Why Oil / Lube Your Pocket Knife?
Here at KPL, we are absolutely passionate about knife lubrication. Premium lubricants make knives perform better, open more consistently, deploy faster, and operate without producing scratchy noise. Of course, we all love a knife that flips open fast, closes effortlessly, and doesn't have any "grit" in its detent track. But, did you know that aside from these obvious benefits, lubrication/oiling also immensely extends the longevity of your knife and its components? In this post, we discuss the protective advantages that come from using a premium knife oil like KPL.
Just like the engine in a car, moving parts need lubrication in order to increase their operating life. As you use a knife, parts in contact will begin to wear away at one another, increasing friction further and pulling abrasive particles off of surfaces. at its worst, in a process known as galling, parts can actually stick to one another and tear off larger particles, further increasing surface roughness and permanently damaging the components.
As wear accelerates, parts can actually shrink, introducing play and poor fitment. Knife oils act as a slippery layer between contacting parts, forming a microscopic boundary layer that prevents them from touching. If the parts never actually touch, they cannot abrade one another and knife parts maintain smoothness and tolerances long-term. High quality, extreme high pressure lubricant oils like Knife Pivot Lube work best to protect parts because of their high film strength that does not break down even when parts experience extreme point pressures caused by detent balls, bearings, springbars and hard use.
Grit and Contaminants
Our knives live extraordinarily harsh lives. Unlike the sealed or shielded environments of most moving machine parts, our knives are exposed completely to extremely harmful contamination by pocket lint, dust, dirt, abrasives, water, and salt. These contaminants are not only cause knives to feel gritty and scratchy, they also do damage each time the knife is deployed.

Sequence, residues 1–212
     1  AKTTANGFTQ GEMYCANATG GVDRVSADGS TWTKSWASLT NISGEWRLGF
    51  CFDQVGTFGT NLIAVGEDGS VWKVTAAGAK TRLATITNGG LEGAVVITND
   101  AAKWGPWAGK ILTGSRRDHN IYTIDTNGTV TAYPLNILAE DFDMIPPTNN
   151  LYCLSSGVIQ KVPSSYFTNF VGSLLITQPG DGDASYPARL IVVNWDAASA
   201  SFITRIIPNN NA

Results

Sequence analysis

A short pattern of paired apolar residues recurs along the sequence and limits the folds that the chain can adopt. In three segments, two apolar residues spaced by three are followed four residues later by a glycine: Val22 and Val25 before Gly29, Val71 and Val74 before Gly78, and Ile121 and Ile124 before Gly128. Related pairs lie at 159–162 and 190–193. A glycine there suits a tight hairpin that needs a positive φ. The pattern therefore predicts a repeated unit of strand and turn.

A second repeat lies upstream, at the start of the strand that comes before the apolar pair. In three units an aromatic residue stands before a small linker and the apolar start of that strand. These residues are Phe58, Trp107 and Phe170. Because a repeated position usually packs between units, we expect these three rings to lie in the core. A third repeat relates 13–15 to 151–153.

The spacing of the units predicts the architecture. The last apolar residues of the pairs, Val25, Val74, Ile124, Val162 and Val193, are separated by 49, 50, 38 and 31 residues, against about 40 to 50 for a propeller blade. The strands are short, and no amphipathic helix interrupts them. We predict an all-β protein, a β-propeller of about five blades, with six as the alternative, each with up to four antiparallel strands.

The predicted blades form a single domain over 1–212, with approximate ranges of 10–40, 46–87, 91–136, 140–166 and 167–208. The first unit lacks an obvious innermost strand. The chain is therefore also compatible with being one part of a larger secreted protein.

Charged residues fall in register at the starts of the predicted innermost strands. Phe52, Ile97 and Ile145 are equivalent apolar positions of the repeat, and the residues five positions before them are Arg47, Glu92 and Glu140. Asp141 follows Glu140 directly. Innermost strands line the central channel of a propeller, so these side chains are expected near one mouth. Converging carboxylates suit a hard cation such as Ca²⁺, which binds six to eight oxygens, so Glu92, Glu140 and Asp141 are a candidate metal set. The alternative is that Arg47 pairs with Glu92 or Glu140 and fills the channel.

A high quality lubricant oil pulls these particles into suspension, coating them completely and preventing them from conglomerating into larger clumps. Once in suspension, the particles are prevented from doing damage, and they tend to slip and flow out from between metal components, leaving the interface clean and clear.
Quality knife oils also protect metal surfaces from moisture and salt, preventing rusting and galvanic corrosion.
Metal Corrosion caused by Salt and Moisture
Beyond excluding moisture, Knife Pivot Lube is enriched with corrosion inhibitors that bond to metal and prevent rust from taking hold, especially in tight crevices between metal parts.
As someone who has just as many fixed blade knives as folders, I still lubricate them regularly. To some, this may be a new concept, but its actually quite simple; surface rust happens! Even on a well used knife, it's totally possible for the bare metal to develop surface rust, so a wipe down of the blade and parts is well warranted. For folders, this is well advised due to how often they're carried. Depending on use, and blade steel (high carbon will rust much quicker than stainless), you may want to wipe the blade down with lube after using it in a wet environment, or after using it on food. For food, be particularly careful, as certain acidic foods can stain a blade very quickly after use!! And in case you're wondering, a simple cloth won't work without lube, as there is always residual moisture that needs addressed. Lubrication will displace the water and coat the blade with mechanisms to fight rust. Aside from use alone, having the knife in an environment like a pocket contributes as well. Sweat is extremely corrosive and can get to a knife in places other than the blade. I'd argue that most pocket-carry, so you likely fall into thid group. With this in mind, when cleaning a knife, don't just lube the pivot and detent; give all of the areas attention!
As mentioned, there are important reasons to regularly use knife lubricant in order to protect your blade. There are of course, many other advantages too (lubricated blades slide through binding cuts easier etc..) but as for extending the longevity of your tool, and keeping it in good shape, protecting the components and overall shape of the knife is paramount. We suggest a regular wipe down after every few hard uses (of course taking what you're cutting, and blade steel into consideration) as well as a more thorough wipe down with lubricant when the knife is disassembled, and the detent and pivot are being addressed.